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Two Found Dead In Volcano Bunker

Two men were found dead Friday in the emergency bunker where they had sought shelter from Indonesia's erupting Mount Merapi, one immersed in a bathtub where he had tried to escape the heat.

The men were helping evacuate a village when a burst of volcanic activity forced them to seek shelter in the bunker.

But the bunker, one of several dotting Merapi's slopes, was designed to provide temporary protection from hot clouds, not from sustained exposure to large amounts of burning volcanic debris.

Soldiers in fire-retardant clothing dug through 6 feet of red-hot debris to reach the men, said Widi Sutikno, head of volcano relief operations.

"The bodies were burned because of the hot temperatures in the bunker," Sutikno said.

One of the bodies was found on the floor, while the second was immersed in a bath. "He was trying to cool down," Sutikno said.

Efforts to reach the men a day earlier failed when fierce heat from the volcanic debris melted tires and rescuers' shovels.

Scientists had thought that the 9,700-foot Merapi was calming down after weeks of activity, but violent eruptions Wednesday led to the re-evacuation of thousands of villagers.

"It was the most terrifying cloud I have ever seen in my life," villager Basirun said of Wednesday's activity.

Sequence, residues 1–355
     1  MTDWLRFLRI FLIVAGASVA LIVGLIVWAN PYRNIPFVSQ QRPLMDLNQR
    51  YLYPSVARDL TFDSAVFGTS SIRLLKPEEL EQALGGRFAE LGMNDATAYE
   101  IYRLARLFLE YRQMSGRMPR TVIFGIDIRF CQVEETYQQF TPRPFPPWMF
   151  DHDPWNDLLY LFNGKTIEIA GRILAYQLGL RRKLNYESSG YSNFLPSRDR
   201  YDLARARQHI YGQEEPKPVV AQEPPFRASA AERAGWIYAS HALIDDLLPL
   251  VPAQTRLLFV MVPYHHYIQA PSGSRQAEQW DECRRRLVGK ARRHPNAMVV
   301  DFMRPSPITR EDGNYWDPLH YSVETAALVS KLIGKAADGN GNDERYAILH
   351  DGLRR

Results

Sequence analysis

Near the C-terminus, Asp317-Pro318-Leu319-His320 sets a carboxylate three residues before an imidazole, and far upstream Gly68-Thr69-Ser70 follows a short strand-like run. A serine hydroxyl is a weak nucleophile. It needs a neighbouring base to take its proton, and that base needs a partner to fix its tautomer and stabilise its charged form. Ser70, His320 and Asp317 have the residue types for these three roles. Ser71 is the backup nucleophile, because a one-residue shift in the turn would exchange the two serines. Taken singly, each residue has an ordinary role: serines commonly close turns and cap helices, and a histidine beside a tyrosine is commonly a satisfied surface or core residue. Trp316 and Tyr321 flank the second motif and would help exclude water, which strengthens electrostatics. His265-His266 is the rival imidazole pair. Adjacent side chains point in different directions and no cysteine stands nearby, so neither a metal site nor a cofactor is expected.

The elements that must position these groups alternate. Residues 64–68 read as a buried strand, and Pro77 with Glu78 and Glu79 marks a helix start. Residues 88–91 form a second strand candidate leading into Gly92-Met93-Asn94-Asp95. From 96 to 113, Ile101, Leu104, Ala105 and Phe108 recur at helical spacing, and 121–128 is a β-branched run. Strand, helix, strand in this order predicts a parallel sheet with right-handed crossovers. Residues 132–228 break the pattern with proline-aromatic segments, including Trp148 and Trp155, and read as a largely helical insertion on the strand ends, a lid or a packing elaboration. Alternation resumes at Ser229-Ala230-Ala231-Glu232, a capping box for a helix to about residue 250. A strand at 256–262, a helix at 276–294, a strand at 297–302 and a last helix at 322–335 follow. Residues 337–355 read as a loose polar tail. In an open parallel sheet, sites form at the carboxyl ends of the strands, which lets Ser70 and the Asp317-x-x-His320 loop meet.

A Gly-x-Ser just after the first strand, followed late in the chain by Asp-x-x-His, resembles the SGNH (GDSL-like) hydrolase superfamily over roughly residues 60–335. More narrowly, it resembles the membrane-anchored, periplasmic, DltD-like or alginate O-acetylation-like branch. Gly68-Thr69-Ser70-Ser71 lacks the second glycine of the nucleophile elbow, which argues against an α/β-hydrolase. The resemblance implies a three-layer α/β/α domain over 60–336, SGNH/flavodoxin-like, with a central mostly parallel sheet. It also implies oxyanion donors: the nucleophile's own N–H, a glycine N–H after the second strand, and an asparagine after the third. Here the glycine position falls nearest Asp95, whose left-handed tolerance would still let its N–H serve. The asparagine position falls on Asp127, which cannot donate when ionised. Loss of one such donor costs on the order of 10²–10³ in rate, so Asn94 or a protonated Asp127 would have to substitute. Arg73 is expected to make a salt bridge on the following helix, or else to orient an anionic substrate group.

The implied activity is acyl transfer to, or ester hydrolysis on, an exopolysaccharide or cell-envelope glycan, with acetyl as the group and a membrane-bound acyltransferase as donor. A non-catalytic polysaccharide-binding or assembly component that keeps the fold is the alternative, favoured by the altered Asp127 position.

Ash covered one village 4½ miles west of the crater with a gray blanket an inch thick, and soot rained down after dusk across many districts, officials said.

Merapi continued to spew scorching gas clouds and rock fragments early Friday, said Triyani of the volcanology office.

Scientist Antonius Ratdomopurbo attributed the resurgence in activity to the collapse of a section of volcano's lava dome, which has been growing in recent weeks as lava emerges from its core.

Merapi is one of more than 70 active volcanoes in Indonesia.

The main dangers at Merapi are fast-moving bursts of blistering gases and rock fragments called pyroclastic flow. Experts say a massive vertical eruption threatening people many miles away will not occur.

One killed more than 60 villagers in 1994, and about 1,300 people died when Merapi erupted in 1930.

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